Despite many claims to fame, most vehicles are not designed by one particular person. It takes a team to bring such ambitious visions to life. In the case of the Ford Model T, a pack of inventive minds came together to build the car that would put the world on wheels. Among them, Henry Ford, of course, as well as József Galamb. But the man who rightfully receives much of the credit for the design and engineering of the most successful car of the era and beyond is Childe Harold Wills, better known as C. Harold or C.H.
C. Harold Wills and the Model T
WIlls was born in Fort Wayne, Indiana in 1878 and grew up in Detroit, where is father worked as a toolmaker. At age 17 he began an apprenticeship at his father’s place of work, beginning a career in machining. By 1899 he had become acquainted with Henry Ford who had recently started the Detroit Automobile Company. By the time DAC went belly up and Ford started his second attempt at a car business, the Henry Ford Company, Wills worked for him full time. After that failed and Ford began the Ford Motor Company in 1903, he brought Wills along as chief designer and lead metallurgist, offering him 10 percent of Ford’s personal dividends as part of his salary.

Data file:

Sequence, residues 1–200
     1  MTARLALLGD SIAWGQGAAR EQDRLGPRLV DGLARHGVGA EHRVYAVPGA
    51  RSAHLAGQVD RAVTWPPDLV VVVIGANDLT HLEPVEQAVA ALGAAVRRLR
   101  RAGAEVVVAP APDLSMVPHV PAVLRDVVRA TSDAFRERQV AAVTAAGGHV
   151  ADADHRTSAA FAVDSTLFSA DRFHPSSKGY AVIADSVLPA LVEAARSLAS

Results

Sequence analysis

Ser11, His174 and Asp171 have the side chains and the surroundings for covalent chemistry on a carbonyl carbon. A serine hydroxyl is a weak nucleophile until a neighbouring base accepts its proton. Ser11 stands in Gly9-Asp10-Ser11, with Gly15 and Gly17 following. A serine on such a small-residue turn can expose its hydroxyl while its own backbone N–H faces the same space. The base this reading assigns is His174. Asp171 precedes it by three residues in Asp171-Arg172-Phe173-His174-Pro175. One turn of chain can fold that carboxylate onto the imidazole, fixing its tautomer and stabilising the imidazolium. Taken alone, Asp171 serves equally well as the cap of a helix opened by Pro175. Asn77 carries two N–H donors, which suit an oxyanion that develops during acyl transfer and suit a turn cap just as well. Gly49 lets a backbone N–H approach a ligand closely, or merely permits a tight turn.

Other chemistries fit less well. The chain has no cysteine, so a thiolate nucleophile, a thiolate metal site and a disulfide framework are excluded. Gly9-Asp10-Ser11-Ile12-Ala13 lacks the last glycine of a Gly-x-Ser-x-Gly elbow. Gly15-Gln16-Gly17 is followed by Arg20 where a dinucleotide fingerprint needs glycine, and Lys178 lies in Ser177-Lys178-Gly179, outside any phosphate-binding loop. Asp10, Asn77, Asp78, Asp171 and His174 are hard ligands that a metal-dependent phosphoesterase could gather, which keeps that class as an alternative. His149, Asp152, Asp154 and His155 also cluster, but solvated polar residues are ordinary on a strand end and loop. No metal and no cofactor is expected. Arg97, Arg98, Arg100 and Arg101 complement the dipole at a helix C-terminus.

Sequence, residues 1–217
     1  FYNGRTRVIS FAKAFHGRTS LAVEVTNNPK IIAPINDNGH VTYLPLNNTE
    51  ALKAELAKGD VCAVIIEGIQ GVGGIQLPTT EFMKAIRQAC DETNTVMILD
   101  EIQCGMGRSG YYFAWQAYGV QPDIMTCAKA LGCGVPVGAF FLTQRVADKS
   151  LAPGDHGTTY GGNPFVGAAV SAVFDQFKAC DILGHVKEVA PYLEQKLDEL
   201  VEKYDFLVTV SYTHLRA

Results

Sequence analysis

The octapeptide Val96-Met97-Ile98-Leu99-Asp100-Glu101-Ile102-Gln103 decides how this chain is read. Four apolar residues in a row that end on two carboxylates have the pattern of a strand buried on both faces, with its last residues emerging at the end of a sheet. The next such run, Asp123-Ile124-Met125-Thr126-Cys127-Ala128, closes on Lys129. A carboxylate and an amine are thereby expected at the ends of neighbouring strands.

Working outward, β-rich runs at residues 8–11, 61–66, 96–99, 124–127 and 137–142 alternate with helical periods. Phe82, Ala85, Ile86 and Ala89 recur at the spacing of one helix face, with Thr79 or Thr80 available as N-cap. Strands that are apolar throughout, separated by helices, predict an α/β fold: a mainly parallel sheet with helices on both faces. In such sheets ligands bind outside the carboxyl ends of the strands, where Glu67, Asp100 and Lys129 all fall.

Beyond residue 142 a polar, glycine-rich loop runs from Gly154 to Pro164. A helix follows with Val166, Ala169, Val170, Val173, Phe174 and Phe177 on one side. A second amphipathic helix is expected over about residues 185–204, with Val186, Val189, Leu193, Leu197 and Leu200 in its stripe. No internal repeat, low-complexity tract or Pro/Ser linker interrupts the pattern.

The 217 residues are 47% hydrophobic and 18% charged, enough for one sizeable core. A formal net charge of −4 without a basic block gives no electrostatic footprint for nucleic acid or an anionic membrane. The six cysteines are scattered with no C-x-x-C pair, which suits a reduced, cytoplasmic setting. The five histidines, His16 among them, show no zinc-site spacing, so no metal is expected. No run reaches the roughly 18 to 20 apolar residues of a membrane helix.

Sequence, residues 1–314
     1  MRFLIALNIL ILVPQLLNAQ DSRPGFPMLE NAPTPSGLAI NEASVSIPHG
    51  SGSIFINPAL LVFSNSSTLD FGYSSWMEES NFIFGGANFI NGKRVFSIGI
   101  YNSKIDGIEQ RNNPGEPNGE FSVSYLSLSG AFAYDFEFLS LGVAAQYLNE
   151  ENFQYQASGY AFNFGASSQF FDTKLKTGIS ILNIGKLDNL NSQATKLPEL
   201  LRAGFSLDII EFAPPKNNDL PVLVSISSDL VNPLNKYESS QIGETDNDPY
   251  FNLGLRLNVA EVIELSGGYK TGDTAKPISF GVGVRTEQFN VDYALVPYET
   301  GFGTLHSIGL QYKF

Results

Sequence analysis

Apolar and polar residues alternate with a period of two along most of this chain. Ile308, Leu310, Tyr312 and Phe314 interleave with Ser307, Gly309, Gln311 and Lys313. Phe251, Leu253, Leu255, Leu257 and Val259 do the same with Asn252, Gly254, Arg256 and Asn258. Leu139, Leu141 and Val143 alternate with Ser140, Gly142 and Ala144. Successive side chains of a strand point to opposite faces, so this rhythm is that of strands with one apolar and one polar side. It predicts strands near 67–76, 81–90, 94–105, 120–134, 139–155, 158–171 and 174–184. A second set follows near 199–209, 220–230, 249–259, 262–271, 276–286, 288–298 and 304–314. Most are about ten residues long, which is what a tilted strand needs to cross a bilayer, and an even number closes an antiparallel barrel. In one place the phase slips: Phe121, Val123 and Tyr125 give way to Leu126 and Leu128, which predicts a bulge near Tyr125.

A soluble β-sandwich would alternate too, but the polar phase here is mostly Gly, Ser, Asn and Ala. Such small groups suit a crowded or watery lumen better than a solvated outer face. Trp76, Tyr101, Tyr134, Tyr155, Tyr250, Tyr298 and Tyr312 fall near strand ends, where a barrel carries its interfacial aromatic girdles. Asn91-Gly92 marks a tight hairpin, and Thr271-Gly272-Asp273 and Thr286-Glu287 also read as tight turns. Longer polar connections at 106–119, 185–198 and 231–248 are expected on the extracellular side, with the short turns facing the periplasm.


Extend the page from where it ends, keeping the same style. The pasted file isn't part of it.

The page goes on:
By the time the team began efforts on the Ford Model T the growing design team was still led by Wills. He is credited with many aspects of the revolutionary car, including designing the car’s planetary transmission and its detachable cylinder head. He is also the one who penned the calligraphy of the script “Ford” logo that is still used by the company today.
C. Harold Wills after Ford
While Wills and Ford were initially friends, with Ford even serving as best man at his wedding, the two eventually grew apart. By 1919 he left the company. With his earnings from Ford he began his own company in Marysville, Michigan. The Wills Sainte Claire Gray Goose debuted in 1921, costing a whopping $3,000. The company lost money every year until the business shut its doors in 1927. He later worked at Ruxton and Chrysler. Following a stroke, he was taken to Henry Ford Hospital where he died on this day in 1940.